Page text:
Be careful when using Python’s floor division

Using Python has a lot of advantages. For example, you can install (nearly) flawlessly a huge amount of packages using the integrated pip package manager, there are a lot of integrated packages that solve a lot of problems out-of-the-box, it provides a powerful language that is yet easy to use.

Like everything in this world, even though it has a lot of advantages, it has a lot of problems too. The biggest issue that I am facing while writing Python programs (that is a big amount of my time!) is when I have to deal with arithmetics, and in particular floating point operations.

In the beginning of my pythonic journey, that drove me mad! I think I have spent countless hours debugging arithmetic errors. But now I understood the basic rule: never ever (ever) do a floating point operation without using numpy. The only times I am not using it is for use cases where having approximated numbers can be acceptable, for example when performing the sum of randomly generated values that are used to compute a simulation (DES) delay. As soon as I will never have to compare those values, and by definition they are an approximation, it still does the work.

Problem

You knew that 1 divided by 0.1 does 9? No? I didn’t know, too. Try to execute the following code in your beloved Python interpreter to double check:

1 // 0.1

It is important to notice that Python is technically right! It is 9 because the 0.1 value is approximated with a value that is “a little more” than 0.1. So, being 0.1 “a little more” than 0.1, it does not fit into 1 ten times, but nine instead.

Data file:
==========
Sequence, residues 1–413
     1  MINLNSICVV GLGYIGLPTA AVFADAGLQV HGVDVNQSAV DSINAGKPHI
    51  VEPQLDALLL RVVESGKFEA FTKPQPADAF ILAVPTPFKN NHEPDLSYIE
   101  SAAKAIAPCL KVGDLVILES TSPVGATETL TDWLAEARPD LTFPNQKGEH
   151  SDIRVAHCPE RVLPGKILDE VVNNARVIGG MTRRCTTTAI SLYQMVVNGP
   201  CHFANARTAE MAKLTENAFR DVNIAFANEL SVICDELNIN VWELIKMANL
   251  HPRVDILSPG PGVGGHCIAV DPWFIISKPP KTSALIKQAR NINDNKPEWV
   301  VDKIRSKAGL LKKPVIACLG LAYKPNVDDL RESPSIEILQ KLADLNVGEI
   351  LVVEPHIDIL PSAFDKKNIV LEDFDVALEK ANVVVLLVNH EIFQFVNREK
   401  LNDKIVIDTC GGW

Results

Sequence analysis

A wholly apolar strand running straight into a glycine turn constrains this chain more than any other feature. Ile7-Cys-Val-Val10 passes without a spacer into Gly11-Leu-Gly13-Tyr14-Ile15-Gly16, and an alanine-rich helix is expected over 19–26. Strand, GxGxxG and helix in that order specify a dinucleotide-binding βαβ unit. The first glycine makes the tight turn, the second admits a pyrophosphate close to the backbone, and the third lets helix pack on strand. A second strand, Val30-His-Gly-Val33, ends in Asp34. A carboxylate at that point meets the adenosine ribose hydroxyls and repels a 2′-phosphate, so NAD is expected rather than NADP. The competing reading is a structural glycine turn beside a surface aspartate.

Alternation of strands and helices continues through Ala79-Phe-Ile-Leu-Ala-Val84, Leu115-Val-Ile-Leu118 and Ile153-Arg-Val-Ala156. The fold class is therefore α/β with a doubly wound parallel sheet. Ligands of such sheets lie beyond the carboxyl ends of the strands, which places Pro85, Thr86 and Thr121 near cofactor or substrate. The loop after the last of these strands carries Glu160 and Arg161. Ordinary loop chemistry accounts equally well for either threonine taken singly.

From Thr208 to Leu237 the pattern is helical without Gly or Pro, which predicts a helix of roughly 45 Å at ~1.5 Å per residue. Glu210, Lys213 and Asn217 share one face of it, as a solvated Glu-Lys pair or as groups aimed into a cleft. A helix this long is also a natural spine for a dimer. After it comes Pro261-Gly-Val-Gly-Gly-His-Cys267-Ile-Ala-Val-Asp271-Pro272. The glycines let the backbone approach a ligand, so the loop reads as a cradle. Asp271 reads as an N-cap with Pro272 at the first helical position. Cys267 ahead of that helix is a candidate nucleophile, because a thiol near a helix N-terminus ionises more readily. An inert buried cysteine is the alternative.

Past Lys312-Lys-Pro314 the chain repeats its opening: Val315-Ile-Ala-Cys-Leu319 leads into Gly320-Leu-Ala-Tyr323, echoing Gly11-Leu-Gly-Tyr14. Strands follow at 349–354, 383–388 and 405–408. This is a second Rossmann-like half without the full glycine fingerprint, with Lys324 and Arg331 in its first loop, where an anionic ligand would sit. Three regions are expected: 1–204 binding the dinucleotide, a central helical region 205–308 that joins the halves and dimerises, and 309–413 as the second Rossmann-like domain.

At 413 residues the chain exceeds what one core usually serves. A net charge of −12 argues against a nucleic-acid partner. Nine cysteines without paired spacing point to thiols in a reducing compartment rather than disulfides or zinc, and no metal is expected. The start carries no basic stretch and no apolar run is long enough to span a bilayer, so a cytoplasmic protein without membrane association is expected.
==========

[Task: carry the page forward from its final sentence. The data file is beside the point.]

That said, even though the computer never lies, I guess that no one in the world would like to have a conceptually wrong but theoretically right result.

Solution

There are a few solutions to this problem. The first is using the built-in math function, using the division operator wrapped inside the floor function to save you the issue to install one more package.

from math import floor

floor(1 / 0.1)

Another solution, that is the recommended one, is to use numpy. I recommend this solution because if you have to deal with floating point numbers, you can fall into this kind of problems a lot of times in your code. Wrapping every arithmetic operation in some numpy’s functions will allow you to keep a good peace of mind.

import numpy

numpy.floor(1 / 0.1)

My two cents

This might look like a trivial post, but I assure you it is not. The solution is just using a function, nothing fancy, but the debugging time spent on this type of problems is just huge.

My opinion is that, when you are using floating point numbers, you should choose the desired precision and then keep it, no matter what. Then, if you have to use some arithmetic functions, try to use the ones provided by numpy. This will save you a lot of headaches.

For example you can end up using something like that:

import numpy

def operation(value):
    return numpy.float64(numpy.round(value, 6))

numpy.floor(operation(1 / 0.1))

Conclusions

I love Python, for real, but I hate the way it handles floating point operations. When you start using this language for the first time you are really surprised the first time something like that shows up, but the more time passes and more you get used to. I hope you learned something new today. If you want to become an expert of regex, reading some examples telling you how to use them with Python, I think you should definitely check out this article.

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